5) Share the Results. Once you know something works for you, you can share it with others. It may or may not work for them. But if they trust your abilities as a scientist of life, they will try and see if it works. Buddha did this. He said, "don't believe me. Try it for yourself." What worked for me was The Daily Practice that helped me get off the floor whenever things were so hard I didn't know how to move forward. That was 20 years of experimentation. A lot of times I didn't know I was supposed to treat it as an experiment. I got too caught up in the results. But ultimately it worked and I'm able to share it at tdp.me.
6) Focus. When you view life, or your day today, or your moment right now, as an experiment, you are able to focus on what you are doing. If you do the experiment wrong everything can blow up! So you have to focus. This keeps you from getting lost in the future or the past. If you get lost in what you hope to be the results, it might skew the experiement.
7) You can Change Contradictory Beliefs. For instance, if you grow up believing owning a house leads to happiness, you can look at people who own houses and those who don't and develop a metric for determining who is happier and less stressed and test to see if the hypothesis you grew up with is true. Again, the key is not getting attached in advance to the results but to have a detachment about it. It's an experiment. And you TRUST that the results will help you form newer and more accurate beliefs.
8) Going Deeper. Experimentation brings you into the present, and forces you to be detached from the results. But let's go even deeper. This is the most important point of the whole article. Your thoughts themselves can be experiments. Is it less stressful to be angry at someone? Or to ignore them? Or to gossip about them? And then the question is: if you are experimenting on your thoughts, WHO IS DOING THE EXPERIMENTING? Experiment on EVERY thought, and then ask, who is the scientist doing this? Who is the observer of these thoughts. You can go deeper and deeper. Even asking who the observer is, is itself a thought. Well...who is doing that observing? Ask again and again. Go deep with your experiments. The laboratory is first your physical surroundings, then your body, then your emotions, then your thoughts, then....mystery.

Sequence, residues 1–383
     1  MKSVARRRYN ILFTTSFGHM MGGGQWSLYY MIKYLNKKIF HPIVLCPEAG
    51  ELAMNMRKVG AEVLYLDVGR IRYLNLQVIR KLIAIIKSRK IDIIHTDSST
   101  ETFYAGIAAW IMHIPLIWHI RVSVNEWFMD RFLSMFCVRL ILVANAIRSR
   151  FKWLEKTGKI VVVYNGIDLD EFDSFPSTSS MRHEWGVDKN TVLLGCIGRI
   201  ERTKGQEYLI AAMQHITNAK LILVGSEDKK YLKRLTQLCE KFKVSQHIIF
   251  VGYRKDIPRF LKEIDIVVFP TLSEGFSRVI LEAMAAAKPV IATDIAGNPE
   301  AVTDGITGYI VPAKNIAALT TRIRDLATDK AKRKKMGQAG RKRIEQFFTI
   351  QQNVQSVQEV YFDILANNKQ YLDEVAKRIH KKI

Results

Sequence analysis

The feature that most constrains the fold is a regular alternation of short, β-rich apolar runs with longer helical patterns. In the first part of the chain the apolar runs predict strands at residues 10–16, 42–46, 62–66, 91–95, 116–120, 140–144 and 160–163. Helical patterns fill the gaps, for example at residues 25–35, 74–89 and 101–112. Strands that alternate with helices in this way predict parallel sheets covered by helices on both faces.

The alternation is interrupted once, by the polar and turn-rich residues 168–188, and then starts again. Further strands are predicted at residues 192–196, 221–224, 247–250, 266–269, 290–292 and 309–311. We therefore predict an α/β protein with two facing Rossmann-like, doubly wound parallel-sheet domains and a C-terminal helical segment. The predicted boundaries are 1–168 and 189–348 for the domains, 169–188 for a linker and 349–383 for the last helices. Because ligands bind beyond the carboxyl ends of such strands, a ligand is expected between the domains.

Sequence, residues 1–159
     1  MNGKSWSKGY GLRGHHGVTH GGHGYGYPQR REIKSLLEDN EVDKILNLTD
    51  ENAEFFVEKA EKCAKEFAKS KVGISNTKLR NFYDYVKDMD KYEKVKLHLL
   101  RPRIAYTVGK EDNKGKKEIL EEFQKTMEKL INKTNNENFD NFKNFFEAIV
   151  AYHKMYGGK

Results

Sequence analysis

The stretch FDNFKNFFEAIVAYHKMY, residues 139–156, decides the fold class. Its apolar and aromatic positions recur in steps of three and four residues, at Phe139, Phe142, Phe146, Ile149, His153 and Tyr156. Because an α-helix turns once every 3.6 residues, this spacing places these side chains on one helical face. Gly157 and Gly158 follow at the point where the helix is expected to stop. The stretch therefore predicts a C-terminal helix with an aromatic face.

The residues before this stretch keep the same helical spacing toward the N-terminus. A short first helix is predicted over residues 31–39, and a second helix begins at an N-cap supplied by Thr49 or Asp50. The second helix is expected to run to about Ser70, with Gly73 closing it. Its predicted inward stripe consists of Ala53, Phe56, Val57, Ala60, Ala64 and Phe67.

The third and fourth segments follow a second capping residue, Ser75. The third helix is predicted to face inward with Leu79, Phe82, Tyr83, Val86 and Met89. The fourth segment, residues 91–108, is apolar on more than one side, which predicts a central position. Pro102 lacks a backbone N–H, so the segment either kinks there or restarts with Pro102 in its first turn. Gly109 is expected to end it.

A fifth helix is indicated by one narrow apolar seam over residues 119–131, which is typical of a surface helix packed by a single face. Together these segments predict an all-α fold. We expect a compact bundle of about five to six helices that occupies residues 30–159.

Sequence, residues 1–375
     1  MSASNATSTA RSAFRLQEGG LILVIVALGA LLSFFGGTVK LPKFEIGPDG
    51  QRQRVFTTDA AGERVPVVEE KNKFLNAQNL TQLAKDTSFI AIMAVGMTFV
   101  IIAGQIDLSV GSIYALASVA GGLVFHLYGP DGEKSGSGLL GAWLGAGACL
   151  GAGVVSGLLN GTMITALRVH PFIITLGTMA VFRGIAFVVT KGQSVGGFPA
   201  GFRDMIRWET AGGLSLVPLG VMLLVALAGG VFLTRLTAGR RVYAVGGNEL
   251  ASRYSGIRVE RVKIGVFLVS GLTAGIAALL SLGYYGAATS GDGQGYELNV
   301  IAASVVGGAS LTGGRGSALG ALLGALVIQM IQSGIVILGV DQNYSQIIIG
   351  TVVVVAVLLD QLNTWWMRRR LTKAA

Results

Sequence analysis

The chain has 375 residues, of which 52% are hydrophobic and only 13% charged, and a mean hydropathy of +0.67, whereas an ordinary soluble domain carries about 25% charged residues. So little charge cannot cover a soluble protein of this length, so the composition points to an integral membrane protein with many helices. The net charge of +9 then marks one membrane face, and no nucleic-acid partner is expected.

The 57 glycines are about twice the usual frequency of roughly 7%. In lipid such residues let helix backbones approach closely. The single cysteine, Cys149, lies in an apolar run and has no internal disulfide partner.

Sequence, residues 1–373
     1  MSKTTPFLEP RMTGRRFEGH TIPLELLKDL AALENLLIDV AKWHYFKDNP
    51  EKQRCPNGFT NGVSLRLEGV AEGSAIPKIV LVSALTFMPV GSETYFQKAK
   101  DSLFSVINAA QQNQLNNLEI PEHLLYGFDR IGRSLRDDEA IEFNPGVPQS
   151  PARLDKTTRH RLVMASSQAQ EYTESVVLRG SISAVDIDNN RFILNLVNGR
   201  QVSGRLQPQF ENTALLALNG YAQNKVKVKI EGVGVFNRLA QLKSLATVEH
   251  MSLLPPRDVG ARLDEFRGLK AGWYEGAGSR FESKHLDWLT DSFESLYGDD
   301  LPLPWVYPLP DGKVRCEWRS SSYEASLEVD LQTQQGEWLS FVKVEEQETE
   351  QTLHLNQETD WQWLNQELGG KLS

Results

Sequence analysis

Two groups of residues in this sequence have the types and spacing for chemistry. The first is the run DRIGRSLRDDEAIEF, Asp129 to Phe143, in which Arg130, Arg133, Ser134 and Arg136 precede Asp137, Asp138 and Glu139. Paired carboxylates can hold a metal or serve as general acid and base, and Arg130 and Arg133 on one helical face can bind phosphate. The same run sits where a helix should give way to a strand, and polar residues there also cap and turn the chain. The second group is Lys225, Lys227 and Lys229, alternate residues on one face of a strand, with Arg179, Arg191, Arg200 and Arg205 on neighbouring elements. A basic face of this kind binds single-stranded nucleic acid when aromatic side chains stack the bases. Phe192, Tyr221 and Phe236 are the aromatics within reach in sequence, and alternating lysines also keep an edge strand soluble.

9) Keeps me Grounded. When I used to be a daytrader I had two choices. I could form complicated opinions about companies and the economy that may or may not be true. Or I could experiment. I wrote software that would ask questions like: if MSFT went down for 5 days in a row after their earnings announcement, what was likely to happen next. If 99% of the time MSFT would go up the day after from 9:30am to 10:30am then I would buy. Then I could forget all about the past and future of Microsoft and all about my stupid arguments as to Microsoft's viability. I would trust my experiment. And that kept me grounded so I wouldn't get too emotional in the trade.
Similarly, when I get paranoid now about a person I could say to myself, after 100s of times I've been paranoid about people, none of my fears have come true. That is an experiment that I can tell myself next time I'm feeling very paranoid. It grounds me in the truth. In my own experience. It takes me back to the moment instead of getting me lost in the distant past or the far away future.
10) Mystery. If you treat each action as an experiment, each thought as an experiment, each emotion as one, each day and moment as a secret still waiting to be discovered then you begin to see all life as a mystery. A treasure waiting to be discovered inside of each moment. How do we unlock those treasures? By experimenting, observing, and then observing who is observing. You can't experiment enough.
Every artist experiments. With colors, ideas, styles, everything. Now all life is your canvas. Make it a beautiful work of art.